FIG. 2 is a cross vertical sectional view of the dryer of FIG. 1, as seen along broken lines 2--2 thereof, and further illustrating with arrows the circulation of heated air from the inlet into the first space and into the drum through the first perforated wall portion of the drum;

FIG. 3 is a vertical sectional view of the dryer of FIG. 1, as seen along broken lines 3--3 thereof, illustrating with arrows the circulation of air out of the drum through the second perforated wall portion into the second space and into the outlet in which the main blower is mounted, and further showing the duct forming walls in the position they occupy during the drying cycle, and, in broken lines, the lint container in the conduit and secondary blower connected thereto;

FIG. 4 is a horizontal sectional view of the dryer, as seen along broken lines 4--4 of FIG. 3;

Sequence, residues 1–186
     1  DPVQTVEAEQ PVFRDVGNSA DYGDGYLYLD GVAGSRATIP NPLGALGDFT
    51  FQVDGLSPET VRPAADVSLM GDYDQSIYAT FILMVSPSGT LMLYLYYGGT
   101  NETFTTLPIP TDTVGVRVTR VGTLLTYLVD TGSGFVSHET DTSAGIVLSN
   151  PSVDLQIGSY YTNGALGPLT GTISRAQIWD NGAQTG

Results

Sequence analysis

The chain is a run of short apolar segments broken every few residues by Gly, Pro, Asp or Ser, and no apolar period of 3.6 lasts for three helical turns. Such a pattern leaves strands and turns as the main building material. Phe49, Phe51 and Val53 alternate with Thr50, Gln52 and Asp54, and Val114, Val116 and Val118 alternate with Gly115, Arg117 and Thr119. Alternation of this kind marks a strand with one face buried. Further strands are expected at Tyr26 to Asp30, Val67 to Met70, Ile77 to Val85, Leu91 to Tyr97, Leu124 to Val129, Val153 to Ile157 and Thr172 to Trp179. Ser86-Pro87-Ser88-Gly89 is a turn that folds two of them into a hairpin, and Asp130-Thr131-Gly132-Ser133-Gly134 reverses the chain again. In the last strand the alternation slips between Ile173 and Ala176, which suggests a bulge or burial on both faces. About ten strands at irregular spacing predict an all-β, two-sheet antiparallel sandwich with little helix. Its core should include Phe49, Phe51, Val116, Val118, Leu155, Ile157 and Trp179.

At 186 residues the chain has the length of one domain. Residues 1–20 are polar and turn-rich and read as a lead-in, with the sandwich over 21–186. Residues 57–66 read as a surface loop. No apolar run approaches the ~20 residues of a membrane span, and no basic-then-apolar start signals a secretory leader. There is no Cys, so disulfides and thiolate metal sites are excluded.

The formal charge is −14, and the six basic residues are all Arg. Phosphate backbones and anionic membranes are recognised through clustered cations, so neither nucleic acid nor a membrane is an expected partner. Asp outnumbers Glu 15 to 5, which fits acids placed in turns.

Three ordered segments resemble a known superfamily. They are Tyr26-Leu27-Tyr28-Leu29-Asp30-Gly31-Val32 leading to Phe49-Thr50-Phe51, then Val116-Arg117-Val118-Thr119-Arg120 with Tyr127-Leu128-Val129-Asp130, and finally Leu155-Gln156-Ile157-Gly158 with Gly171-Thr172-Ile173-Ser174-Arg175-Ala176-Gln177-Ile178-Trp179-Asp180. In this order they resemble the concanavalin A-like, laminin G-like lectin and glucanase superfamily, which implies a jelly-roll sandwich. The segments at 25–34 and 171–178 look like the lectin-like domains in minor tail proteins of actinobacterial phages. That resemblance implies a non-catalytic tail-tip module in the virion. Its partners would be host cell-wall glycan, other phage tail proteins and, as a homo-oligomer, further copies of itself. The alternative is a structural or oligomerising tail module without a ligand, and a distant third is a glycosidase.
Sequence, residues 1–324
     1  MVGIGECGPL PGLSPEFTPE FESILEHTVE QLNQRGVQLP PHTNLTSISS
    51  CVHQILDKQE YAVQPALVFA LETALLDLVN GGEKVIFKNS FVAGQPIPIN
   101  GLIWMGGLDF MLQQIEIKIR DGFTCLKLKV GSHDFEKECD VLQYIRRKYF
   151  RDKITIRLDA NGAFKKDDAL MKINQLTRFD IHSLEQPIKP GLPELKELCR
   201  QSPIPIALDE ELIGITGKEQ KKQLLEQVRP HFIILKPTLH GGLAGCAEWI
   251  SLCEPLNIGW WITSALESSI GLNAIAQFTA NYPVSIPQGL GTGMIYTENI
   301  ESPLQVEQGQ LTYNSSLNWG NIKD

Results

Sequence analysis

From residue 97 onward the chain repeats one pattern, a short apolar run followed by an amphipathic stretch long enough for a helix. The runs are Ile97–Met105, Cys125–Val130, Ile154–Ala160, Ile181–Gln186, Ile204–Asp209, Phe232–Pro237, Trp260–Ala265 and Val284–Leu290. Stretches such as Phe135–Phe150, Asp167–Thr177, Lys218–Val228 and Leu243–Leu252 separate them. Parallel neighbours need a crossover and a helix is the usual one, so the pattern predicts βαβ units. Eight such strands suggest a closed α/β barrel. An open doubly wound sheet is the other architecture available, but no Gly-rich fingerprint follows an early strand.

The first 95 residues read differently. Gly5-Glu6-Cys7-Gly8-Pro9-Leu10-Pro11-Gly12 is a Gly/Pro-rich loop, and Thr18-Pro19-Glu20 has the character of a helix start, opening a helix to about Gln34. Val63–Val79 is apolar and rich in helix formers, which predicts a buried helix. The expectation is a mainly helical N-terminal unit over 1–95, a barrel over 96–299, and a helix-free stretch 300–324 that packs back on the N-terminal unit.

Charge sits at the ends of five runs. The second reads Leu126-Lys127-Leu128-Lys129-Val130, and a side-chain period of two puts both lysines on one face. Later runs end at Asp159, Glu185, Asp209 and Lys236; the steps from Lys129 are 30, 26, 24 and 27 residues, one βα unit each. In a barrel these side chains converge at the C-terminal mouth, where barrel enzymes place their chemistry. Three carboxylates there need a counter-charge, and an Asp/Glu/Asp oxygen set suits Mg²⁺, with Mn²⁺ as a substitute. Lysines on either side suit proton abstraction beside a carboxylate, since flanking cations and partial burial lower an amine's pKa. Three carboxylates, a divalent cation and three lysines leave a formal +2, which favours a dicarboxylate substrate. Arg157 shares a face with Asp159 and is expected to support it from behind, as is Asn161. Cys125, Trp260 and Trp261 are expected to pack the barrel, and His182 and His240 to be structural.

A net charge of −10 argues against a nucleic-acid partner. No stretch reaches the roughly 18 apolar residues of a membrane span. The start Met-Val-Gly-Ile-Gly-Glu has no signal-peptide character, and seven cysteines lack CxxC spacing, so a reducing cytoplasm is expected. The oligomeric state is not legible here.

FIG. 5 is an enlarged vertical sectional view of the upper portion of the dryer of FIG. 3, including the duct forming walls extending across the upper portion of the drum, as shown in FIG. 3, to permit the free circulation of air along both sides of the drum and over the top of the drum and into the outlet during a drying cycle, as illustrated arrows; and

FIG. 6 is a view similar to FIG. 5, but upon opening of the conduit and movement of the walls to positions over the top of the drum in which they form a duct so that upon stoppage of the main blower and start up of the secondary blower, the flow of air from the drum is confined to pass across the upstream side of the filter during a delinting cycle, this flow of air as well as the flow of air is a reverse direction through the outlet and filter being illustrated by arrows.